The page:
The study did not investigate the sites of Google, Yahoo or Facebook because there are so many different features that the researchers could not take a reasonable sample. The findings led to calls by members of a coalition of 10 consumer, privacy and civil rights groups for more investigation by the FTC about whether the identified companies violated their privacy obligations to consumers. The coalition organized the privacy forum.

The online advertising industry "tries to lull consumers by claiming that online tracking gathers behavioral data anonymously," John Simpson, privacy project director at the advocacy group Consumer Watchdog, said in a written statement. "This study proves that personally identifiable information is regularly shared without consumers' knowledge. We can't rely on industry promises to protect consumer privacy; clearly we need 'do not track' legislation, and we need it now."

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Pirouette
not rated yet Oct 12, 2011
Next thing you know, they'll be sending the Fuller Brush man to your door to sell his wares, uninvited.
Turritopsis
not rated yet Oct 13, 2011
Websites fail to protect personal data, researchers contend


That is unethical conduct. Website profit from traffic, the publics involvement. This is self destructive conduct on their behalf. Organizations need to fight for their market shares. (whether transitory clientele or actual consumers is irrelative, sites receive payment from "air time", if one page has 100% viewership 100% of the time they have 100% share of Internet traffic so 100% of the monthly Internet service fee we pay ends up in the pocket of the site that has 100% share).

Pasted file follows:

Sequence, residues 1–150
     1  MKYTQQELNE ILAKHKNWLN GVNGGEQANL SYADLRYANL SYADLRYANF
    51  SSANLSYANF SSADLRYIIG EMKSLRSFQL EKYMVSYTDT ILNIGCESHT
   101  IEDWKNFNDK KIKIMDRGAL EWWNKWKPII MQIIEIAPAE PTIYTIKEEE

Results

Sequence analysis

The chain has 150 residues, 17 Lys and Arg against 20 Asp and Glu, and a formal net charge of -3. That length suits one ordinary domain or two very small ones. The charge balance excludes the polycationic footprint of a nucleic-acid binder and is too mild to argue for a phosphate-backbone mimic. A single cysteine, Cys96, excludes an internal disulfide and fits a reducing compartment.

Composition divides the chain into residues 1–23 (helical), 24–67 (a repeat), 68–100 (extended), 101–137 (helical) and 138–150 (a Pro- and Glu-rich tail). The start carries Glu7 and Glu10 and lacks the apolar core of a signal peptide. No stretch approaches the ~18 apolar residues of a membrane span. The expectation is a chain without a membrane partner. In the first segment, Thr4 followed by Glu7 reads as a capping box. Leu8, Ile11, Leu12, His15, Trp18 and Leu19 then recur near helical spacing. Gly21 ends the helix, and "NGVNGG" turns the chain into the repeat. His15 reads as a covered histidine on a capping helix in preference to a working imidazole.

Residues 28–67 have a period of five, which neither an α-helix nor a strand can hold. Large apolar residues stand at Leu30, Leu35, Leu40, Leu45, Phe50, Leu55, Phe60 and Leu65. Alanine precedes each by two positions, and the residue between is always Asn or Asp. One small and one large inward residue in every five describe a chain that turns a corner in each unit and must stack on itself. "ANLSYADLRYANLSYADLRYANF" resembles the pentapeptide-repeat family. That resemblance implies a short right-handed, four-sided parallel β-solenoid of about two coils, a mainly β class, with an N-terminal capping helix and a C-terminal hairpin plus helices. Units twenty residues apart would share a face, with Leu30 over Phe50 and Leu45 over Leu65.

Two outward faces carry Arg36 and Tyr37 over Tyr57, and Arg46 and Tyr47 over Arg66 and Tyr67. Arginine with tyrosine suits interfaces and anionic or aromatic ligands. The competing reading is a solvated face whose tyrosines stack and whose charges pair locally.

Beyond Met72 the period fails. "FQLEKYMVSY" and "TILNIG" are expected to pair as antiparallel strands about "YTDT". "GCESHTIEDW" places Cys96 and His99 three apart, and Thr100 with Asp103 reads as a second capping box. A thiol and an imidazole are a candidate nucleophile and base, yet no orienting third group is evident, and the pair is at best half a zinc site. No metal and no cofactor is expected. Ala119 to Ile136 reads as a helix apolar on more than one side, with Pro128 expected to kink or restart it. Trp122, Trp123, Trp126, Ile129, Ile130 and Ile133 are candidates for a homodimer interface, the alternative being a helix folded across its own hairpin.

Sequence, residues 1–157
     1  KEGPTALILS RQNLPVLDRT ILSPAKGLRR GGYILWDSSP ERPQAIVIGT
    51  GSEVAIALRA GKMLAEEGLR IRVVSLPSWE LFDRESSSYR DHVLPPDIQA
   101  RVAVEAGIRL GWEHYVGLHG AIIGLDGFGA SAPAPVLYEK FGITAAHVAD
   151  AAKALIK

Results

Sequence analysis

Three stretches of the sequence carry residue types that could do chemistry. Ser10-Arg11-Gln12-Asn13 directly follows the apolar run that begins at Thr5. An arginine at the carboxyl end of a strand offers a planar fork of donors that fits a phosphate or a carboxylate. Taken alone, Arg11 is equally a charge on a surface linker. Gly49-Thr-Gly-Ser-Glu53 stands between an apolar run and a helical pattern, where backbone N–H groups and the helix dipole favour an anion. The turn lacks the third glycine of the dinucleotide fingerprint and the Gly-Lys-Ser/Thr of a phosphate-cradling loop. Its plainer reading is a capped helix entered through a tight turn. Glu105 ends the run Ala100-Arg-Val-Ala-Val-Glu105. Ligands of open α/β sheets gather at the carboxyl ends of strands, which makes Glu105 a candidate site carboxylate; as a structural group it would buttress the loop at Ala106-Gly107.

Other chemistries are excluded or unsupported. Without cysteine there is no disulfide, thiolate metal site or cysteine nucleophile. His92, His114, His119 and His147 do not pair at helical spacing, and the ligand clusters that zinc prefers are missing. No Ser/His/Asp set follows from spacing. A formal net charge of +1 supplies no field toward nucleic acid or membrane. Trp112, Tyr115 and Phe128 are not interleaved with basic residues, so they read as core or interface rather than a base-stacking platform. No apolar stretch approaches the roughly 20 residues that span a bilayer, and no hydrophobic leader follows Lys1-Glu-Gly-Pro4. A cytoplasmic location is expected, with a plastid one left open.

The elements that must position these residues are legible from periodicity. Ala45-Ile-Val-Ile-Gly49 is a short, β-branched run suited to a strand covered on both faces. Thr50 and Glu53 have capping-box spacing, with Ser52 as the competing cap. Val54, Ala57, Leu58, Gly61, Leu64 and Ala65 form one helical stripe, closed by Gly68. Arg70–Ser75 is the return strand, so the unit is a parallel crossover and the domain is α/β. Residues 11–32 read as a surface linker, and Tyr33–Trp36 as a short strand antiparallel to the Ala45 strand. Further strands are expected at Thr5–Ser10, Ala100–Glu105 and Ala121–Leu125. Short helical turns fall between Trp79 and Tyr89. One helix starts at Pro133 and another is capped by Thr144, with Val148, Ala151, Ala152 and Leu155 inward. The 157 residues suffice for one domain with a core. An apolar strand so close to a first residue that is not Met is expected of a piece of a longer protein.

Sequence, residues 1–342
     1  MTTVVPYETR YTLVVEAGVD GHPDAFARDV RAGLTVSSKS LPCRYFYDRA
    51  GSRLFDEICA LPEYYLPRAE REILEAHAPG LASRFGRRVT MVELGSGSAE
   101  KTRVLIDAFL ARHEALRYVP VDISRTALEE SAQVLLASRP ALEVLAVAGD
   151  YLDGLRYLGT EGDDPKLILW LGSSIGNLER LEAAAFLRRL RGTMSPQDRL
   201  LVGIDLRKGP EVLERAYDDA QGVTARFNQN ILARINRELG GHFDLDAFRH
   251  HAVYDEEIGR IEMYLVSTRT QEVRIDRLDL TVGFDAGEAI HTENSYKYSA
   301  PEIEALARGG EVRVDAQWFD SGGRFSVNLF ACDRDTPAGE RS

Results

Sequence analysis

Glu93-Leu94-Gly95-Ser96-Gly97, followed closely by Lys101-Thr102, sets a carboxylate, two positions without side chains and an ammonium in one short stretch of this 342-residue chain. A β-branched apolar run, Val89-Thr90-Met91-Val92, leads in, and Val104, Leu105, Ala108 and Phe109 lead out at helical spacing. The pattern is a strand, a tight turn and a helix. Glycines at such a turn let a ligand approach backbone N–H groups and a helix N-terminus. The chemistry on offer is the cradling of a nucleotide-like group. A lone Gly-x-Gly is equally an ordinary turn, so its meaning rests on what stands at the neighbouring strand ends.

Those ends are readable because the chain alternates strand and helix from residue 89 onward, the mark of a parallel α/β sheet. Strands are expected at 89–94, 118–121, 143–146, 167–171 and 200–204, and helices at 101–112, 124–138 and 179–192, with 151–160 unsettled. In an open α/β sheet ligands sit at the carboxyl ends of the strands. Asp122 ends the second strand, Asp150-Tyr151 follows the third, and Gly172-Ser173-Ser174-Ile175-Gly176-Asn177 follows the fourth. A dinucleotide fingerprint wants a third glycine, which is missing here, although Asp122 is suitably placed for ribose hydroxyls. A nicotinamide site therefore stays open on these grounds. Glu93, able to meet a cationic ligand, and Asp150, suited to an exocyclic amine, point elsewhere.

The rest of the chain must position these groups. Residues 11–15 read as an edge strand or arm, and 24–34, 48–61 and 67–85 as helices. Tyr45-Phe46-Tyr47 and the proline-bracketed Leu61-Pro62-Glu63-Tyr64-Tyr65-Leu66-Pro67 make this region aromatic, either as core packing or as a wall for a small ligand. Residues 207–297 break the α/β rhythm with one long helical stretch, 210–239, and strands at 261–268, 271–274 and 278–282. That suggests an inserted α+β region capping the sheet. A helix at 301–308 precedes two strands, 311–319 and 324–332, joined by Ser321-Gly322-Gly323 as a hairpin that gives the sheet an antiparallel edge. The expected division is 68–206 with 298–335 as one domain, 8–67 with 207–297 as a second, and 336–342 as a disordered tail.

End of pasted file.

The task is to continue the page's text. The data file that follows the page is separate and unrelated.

Divulging information is unacceptable conduct. We pay for every webpage we view. It is a pay per use service.

Taxes make politicians salaries. Governments are owned by the people. That little fact got lost somewhere along the lines and it needs to be re-found. We don't need leaders, we need to take the reigns and lead together. Stop appointing figures to lead us. Internet can be the conduit that allows full involvement from everyone on lifes
Turritopsis
not rated yet Oct 13, 2011
matters. The government, the law, cannot override and extend itself into governing and presiding over the world wide web.

For the people by the people. We can inclusively, unitedly, run this world without appointing others as decision makers. We need to decide for ourselves the conditions we establish and direction we set forth in. This leader type system puts 1% of people in a position to make decisions for 99% of the people. This is wrong. It is time to head in a new direction. It is time to move into a higher civilization and out of this primitive system filled with presidents, prime ministers, kings, and so forth. We don't need the 1% deciding things for the 99% of the people. 100% of the people need to make the decision together.

The time has come to change the world.
Turritopsis
not rated yet Oct 13, 2011
Today's governments would have been alright for Plato's time. This was a long time ago. With lightning fast speeds worldwide communication is now available due to advancement in technology. We can all be connected in the decision processes wherever we are. We don't need representatives to act on our behalfs anymore. Sometimes the representatives intentionally or unintentionally miss-act. Luckily with communication advancements today we can do without them. We don't need to appoint representatives (like presidents, judges, etc.). We've come to a new age. It is time to advance. It is time to place the power where it belongs. The power is everyones. Put every issue up online for everyone to decide together. It is as simple as that. Instead of the FEW appointed ones making the decision on the issue we ALL decide on the issue. The communication technology is here, we are ready for the shift.